Apple’s market value at the end of Monday, the Wall Street Journal reported, making it the first U.S. company to pass a $700 billion market cap. WSJ attributes the growth to Apple’s sales in China, which grew a whopping 70 percent during the last quarter alone.
How much it can cost to develop a multiple-choice question for new tests tied to Common Core standards that will be rolled out next week. The hefty price tag can come from paying for the rights to copyrighted text, outsourcing to a third-party company the writing of the question, and several layers of vetting. The cost works out to around $24 per test-taking student. But many say the weight these tests carry merits the costs.
What Disney-owned Marvel Studios reportedly paid to “lease” Spider-Man for its movies while Sony Pictures keeps the rights to the Marvel Comics character. The arrangement benefits both parties: Sony has struggled with diminishing box office returns and hopes Marvel will give it a boost, while Marvel still holds merchandising rights to the character, and stands to make a mint if “Spider-Man” movies do well. The Hollywood Reporter also cites insiders who say Disney is getting its ducks in a row to potentially buy Sony Pictures.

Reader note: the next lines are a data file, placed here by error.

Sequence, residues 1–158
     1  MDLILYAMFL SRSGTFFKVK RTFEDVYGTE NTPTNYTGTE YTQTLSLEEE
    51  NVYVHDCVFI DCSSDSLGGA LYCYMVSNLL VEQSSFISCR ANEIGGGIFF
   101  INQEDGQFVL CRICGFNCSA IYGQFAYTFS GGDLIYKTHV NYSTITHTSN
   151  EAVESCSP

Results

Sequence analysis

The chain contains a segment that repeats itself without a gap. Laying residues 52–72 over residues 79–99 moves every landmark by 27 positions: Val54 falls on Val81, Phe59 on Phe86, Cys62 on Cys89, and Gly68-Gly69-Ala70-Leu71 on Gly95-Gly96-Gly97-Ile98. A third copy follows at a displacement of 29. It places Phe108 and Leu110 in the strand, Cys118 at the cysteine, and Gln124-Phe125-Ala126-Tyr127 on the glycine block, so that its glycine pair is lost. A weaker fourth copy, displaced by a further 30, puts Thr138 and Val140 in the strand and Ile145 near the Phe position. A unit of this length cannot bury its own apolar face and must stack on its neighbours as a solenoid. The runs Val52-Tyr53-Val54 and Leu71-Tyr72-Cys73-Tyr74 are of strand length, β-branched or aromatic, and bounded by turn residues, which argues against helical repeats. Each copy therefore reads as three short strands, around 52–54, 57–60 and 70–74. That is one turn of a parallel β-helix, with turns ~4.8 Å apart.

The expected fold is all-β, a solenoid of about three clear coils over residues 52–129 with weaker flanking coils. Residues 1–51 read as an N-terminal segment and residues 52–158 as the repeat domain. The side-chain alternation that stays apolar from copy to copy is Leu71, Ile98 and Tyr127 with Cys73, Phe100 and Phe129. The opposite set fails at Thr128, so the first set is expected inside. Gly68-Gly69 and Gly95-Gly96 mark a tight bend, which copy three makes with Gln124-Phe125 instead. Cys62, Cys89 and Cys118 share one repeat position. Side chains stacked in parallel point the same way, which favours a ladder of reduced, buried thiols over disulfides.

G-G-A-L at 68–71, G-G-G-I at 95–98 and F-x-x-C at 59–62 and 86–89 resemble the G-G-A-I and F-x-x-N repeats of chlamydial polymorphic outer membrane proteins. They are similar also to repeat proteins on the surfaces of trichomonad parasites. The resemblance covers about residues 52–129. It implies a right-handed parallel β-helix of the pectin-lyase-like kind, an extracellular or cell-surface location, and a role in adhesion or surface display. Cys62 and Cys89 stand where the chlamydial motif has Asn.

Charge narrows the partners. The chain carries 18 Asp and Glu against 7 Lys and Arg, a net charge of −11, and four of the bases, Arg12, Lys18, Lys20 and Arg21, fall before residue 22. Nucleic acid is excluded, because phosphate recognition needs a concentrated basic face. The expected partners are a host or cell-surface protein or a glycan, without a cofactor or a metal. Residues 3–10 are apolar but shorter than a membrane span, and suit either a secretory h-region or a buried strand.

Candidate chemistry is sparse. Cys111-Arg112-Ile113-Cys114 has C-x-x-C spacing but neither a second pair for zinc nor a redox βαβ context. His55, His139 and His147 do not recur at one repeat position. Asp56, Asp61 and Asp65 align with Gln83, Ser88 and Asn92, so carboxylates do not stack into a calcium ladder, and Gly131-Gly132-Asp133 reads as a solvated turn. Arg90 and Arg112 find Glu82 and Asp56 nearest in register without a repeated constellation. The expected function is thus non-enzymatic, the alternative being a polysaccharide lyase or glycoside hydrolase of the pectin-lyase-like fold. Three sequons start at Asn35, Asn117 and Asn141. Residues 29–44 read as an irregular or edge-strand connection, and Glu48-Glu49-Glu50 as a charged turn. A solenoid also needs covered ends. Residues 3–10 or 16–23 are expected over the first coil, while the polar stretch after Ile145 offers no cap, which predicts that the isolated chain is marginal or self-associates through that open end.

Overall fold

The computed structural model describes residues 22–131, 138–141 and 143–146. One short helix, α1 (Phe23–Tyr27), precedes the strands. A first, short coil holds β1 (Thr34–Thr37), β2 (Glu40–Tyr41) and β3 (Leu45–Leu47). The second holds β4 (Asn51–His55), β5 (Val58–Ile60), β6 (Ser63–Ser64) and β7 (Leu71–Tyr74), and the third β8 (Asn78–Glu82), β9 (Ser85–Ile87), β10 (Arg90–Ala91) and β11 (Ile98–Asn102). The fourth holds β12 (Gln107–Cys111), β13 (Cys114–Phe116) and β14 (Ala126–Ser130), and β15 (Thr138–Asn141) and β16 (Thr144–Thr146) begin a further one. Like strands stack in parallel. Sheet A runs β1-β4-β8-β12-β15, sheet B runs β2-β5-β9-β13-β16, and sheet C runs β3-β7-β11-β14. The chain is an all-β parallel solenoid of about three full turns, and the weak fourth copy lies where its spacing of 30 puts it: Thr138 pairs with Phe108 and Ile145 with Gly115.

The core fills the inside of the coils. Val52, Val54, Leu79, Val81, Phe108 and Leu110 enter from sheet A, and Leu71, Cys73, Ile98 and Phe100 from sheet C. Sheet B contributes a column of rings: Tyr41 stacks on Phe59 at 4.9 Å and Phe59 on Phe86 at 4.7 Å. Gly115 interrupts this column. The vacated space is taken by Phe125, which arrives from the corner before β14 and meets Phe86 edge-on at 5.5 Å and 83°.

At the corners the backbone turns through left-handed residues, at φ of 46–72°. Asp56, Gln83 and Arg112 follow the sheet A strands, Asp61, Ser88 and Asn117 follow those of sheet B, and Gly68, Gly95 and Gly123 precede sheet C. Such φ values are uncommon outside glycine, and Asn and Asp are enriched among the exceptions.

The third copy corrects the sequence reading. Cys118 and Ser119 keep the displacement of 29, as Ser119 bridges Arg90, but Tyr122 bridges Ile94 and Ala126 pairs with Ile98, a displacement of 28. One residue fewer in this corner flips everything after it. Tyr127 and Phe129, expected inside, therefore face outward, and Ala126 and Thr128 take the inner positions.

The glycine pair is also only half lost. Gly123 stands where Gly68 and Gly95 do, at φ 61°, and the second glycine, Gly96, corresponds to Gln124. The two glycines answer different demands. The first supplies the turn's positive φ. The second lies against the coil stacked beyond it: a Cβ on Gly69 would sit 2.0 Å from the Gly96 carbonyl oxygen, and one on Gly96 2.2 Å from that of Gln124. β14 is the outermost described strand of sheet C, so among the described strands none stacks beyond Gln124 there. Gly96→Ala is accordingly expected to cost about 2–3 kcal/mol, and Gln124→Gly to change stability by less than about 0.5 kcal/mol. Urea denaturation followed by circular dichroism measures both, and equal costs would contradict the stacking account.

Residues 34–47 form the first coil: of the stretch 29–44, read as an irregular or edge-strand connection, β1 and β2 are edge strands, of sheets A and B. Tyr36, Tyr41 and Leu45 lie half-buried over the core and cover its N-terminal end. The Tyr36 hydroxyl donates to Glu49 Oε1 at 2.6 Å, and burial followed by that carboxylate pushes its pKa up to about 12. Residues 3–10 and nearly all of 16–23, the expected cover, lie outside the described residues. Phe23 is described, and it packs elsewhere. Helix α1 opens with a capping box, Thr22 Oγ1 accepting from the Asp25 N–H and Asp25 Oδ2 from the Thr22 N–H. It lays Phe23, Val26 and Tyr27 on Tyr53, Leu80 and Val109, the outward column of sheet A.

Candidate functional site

How much the NFL agreed to pay toward care and neurological testing for retired players in last year’s settlement over concussions sustained during game play. In its efforts to improve player safety, the league has recruited a prominent physician, Dr. Elizabeth Nabel, as its first chief health adviser. In her new role at the NFL, she will have broad oversight over internal and external medical staff. The job is expected to consume about one day a month of her time.
How many supercenters Wal-Mart says it will build in Canada. Wednesday’s announcement comes not long after Target announced it would exit the country after launching its own Canadian expansion in 2013. As reported by the WSJ, Wal-Mart says the expansion will create nearly 5,000 construction, store and distribution center jobs in Canada.
How long you have to up your earnings before things start to stagnate, the Washington Post reported. A new report from the New York Fed shows wages rise mostly during the first 10 years of a career, when workers start in their 20s. The only people who keep making more over their whole career are the top earners, according to the Fed data.
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